With violent crime rates soaring to their highest levels in a decade, Oakland’s Mayor said the city council’s proposed budget to gut the police department’s budget would further endanger public safety and lengthen 911 response times.
Mayor Libby Schaaf did not mince words about the proposal which was introduced this week by Oakland’s ultra-progressive city council.
“Last month the Administration proposed a budget that would both reimagine public safety with community investments AND maintain the basic police response our most vulnerable community members depend on,” Schaaf said in a written statement. “On Monday, Council President Bas and her Budget Team of Councilmembers Kalb, Gallo, and Fife presented their proposed budget that makes new laudable investments that I fully support, which are primarily funded by an additional $32 million in newly identified revenues.”
Schaaf was highly critical of the council’s proposal to slash the police budget deeper, including a controversial cut to police academy classes that will backfill dozens of vacancies of sworn officer positions.
“However, their proposed budget also: cuts 2 academies of 64 new officers, cuts 9 traffic enforcement positions, and cuts 41 positions dedicated to 911 response,” the Mayor said. “The Council President’s proposed budget would severely decrease police services, especially in our most impacted areas. They would: shrink what is already the lowest per-crime staffed police department in the county during a gut-wrenching spike in gun violence, increase OPD’s unsafe overreliance on overtime and leave even more critical vacancies unfilled, and decimate an already inadequate 911 response to Oaklanders experiencing crisis and needing help.”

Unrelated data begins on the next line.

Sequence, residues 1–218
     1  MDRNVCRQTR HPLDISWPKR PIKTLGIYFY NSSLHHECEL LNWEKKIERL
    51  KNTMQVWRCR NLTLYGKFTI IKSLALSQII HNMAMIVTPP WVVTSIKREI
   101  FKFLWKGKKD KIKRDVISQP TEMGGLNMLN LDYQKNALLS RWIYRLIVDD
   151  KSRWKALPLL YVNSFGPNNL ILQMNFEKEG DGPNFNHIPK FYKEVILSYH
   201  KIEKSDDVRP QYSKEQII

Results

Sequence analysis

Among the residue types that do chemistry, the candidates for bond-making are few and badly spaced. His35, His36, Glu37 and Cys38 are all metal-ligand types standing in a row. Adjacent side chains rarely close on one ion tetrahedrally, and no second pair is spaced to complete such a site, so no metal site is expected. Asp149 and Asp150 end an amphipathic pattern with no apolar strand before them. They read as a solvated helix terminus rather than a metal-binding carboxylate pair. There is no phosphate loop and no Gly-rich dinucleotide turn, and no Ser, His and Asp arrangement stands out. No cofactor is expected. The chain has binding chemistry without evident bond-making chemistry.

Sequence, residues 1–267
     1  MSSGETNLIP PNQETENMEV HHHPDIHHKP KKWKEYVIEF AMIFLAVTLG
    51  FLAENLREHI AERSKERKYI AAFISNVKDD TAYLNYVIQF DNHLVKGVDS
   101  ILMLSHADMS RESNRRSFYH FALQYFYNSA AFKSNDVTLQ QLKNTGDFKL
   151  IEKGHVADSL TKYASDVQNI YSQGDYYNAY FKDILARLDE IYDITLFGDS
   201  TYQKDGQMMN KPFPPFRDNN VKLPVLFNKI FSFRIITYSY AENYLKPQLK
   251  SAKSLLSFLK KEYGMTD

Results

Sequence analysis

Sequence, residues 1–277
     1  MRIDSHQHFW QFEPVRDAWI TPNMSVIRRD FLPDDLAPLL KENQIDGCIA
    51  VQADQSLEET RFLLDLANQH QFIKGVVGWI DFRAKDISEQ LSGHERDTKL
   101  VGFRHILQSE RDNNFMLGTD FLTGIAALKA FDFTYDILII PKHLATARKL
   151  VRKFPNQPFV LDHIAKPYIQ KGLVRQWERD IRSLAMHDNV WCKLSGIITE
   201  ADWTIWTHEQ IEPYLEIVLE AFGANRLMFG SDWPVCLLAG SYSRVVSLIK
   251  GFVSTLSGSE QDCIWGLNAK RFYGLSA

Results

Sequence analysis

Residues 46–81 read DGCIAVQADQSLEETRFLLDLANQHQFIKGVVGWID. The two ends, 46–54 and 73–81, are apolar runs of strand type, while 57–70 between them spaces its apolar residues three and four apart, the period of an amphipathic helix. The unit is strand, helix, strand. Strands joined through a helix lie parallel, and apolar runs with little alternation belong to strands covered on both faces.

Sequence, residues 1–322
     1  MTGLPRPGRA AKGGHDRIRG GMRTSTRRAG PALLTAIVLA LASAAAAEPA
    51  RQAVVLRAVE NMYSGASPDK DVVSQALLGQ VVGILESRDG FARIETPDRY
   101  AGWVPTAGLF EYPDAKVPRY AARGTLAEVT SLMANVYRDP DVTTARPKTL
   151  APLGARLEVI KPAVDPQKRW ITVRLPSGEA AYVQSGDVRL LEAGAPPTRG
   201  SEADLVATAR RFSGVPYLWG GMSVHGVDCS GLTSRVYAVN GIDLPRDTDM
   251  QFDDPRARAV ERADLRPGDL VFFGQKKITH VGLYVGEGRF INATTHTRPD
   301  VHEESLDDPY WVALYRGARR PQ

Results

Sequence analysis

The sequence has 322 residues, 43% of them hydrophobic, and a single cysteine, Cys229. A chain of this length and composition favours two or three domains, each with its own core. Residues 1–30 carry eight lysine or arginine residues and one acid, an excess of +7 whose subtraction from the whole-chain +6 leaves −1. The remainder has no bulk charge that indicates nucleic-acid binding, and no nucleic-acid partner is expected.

Schaaf said the council’s proposed budget would, “decimate 911 response” in Oakland.
“The Administration’s budget proposed last month would have hired more new, diverse, progressive recruits to fill our vacancies so our officers wouldn’t have to work so much unsafe and expensive over time, and we could fully staff 911 response, our successful Ceasefire violence prevention strategy, and increase criminal investigations — all while decreasing proportional police spending in Oakland,” Schaaf said. “The Council President’s budget means roughly 80 people a day (12%) could get no police response to their lower priority 911 calls, and the highest priority calls would get a slower response.”
Oakland’s police force has been stretched thin as officers retire early or seek employment with other law enforcement agencies in communities not seeking to defund police budgets.
“Today, the Oakland Police Department has 717 sworn personnel at all ranks,” according to a statement from the Oakland Police Officers’ Association. “The lowest number in five years — as Oakland faces the highest violent crime rate in a decade. Now the Council’s plan is to defund the Oakland Police Department further. Doesn’t seem like such a good idea. Oakland’s finest will continue to serve as our number attrit down.”
“If you think every Oaklander deserves a dependable response in their moment of crisis, and that we can’t afford to further deplete the low officer staffing Oakland has today during this gun violence spike, NOW is the time to speak up,” Mayor Schaaf asked of city residents. “Ask Councilmembers to reject any budget that further reduces these most critical public safety services.”